Mr Glancy touched upon this issue, continuing: “People who want to retire and enjoy later life before 67, or 68 in the future, will need flexibility.
“And this kind of flexibility can often come from a private pension arrangement – saving in advance.
“In this respect, private pensions have become more important than ever for people to consider.”
Reliance on the state pension sum is still undoubtedly high, with the retirement payment extremely familiar to Britons.
However, Mr Glancy went on to highlight a “sense of inequality” which has been present within the state pension system which is worth considering.
He said: “You have a sense of inequality between occupations which is vital for people to consider.
“In all of white collar and knowledge-based jobs, you can often continue to work through all of your 60s and into your 70s. But if you’re in a more manual or physical job, you just can’t keep working until those ages – it just wouldn’t be possible.”
However, when considering the matter of life expectancy and the rising state pension age which the Government has said is connected, there is another issue which may arise.
This concerns the amount of time a person will receive their state pension, if they do end up receiving anything at all.
While Mr Glancy acknowledged there was not much action which could be taken from private pension organisations, he did suggest the issue could be addressed.
Mr Glancy said: “We also see a bit of inequality in terms of the state pension because everyone is effectively putting money into the pot, albeit indirectly.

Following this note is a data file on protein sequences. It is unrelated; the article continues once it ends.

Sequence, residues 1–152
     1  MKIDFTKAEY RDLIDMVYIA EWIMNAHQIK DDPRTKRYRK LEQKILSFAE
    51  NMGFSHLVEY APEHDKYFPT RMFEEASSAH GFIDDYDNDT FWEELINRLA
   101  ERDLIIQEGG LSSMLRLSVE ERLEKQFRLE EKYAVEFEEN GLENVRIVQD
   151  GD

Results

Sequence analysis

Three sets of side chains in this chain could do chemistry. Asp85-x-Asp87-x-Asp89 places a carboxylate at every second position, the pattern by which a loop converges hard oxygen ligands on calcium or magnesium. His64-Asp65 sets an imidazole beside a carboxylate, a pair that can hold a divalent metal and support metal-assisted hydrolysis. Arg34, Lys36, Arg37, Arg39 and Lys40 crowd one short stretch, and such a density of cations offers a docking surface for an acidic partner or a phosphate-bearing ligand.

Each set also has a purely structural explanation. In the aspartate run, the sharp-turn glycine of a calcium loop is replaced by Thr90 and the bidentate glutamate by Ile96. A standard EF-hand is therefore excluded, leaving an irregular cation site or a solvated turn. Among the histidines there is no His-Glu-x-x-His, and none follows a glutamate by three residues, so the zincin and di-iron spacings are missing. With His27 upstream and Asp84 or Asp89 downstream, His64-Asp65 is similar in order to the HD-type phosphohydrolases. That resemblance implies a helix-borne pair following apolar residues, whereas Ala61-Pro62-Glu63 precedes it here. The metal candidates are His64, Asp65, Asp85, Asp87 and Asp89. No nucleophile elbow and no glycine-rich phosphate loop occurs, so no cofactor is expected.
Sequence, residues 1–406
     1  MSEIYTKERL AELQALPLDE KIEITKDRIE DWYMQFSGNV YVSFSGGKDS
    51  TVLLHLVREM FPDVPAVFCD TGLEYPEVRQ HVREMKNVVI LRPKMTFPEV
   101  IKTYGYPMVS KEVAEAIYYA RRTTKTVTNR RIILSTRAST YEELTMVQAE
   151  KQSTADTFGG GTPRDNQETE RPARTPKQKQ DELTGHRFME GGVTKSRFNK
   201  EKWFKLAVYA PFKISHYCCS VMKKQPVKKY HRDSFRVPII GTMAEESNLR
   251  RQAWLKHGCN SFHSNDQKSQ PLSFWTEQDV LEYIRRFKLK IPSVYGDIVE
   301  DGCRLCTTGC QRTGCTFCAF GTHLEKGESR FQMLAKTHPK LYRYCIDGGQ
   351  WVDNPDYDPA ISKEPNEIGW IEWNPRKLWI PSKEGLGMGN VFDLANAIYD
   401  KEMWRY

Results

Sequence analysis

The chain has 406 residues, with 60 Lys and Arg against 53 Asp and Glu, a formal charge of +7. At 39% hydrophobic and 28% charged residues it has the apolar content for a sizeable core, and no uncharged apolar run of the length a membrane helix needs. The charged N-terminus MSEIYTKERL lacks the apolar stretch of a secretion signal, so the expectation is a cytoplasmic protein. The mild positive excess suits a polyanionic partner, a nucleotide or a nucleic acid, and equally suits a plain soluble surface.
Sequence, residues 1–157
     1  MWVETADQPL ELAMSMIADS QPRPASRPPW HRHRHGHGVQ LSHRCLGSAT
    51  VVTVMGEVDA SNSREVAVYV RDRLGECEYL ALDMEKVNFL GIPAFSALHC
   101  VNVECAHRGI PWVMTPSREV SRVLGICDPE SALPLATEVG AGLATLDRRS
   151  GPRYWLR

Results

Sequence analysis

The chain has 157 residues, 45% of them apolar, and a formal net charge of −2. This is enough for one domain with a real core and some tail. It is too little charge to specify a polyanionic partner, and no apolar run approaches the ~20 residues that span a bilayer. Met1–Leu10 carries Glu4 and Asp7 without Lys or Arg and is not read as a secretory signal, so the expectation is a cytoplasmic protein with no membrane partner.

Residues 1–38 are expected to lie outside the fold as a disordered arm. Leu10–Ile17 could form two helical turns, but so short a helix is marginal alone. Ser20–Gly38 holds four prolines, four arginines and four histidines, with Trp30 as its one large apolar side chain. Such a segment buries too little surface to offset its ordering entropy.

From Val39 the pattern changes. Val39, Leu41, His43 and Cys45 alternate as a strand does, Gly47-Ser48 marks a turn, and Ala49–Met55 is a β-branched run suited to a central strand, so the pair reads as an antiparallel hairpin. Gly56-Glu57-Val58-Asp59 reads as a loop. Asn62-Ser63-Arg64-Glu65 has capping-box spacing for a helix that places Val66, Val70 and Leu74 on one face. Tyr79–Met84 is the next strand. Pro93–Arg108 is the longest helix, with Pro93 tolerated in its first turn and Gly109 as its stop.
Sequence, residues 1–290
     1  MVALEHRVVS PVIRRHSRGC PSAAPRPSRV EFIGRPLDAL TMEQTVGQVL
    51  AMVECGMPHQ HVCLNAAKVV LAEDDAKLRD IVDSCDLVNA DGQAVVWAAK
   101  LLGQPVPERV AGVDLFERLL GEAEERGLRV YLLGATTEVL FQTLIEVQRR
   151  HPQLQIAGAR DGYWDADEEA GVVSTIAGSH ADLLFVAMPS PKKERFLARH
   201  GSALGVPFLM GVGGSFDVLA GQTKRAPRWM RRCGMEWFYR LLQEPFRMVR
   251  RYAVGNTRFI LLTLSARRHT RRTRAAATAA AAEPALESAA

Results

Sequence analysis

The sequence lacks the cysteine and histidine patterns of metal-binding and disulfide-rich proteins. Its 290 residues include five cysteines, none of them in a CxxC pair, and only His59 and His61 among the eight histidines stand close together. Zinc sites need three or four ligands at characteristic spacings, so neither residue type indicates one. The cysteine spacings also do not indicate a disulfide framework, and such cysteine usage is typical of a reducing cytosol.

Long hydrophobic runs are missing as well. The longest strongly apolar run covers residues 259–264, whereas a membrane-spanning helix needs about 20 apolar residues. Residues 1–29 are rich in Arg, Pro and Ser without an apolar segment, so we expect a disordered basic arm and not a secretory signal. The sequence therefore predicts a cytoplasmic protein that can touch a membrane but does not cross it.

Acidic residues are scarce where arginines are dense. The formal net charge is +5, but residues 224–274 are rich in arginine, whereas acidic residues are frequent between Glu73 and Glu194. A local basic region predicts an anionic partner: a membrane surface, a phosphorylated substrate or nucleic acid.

“But there are some areas of the country where life expectancy is only reaching up to 56 or 58. This means these individuals will never get near aged 67 or 68 to get the state pension.
“So these people have effectively put money in to the state pension all of their lives to not get any benefit.
“Indeed, they have been cross-subsidising other, often wealthier, people in different areas of the country who are going to live longer and reach that state pension age.
“There’s an argument, then, that if you’re in an area of low life expectancy, or if you’re in a job where it is quite physical – should you get the state pension any earlier?
“I think it is important to point out the system is a little bit unfair in this respect.”
Of course, for Britons who wish to understand their state pension age, and what they can expect to receive, there is the Government tool.
Accessible online, through the BR19 application form, or by calling the Pensions Centre, individuals can gain an understanding of their specific state pension forecast, if they so choose.
This post originally appeared on Daily Express :: Finance Feed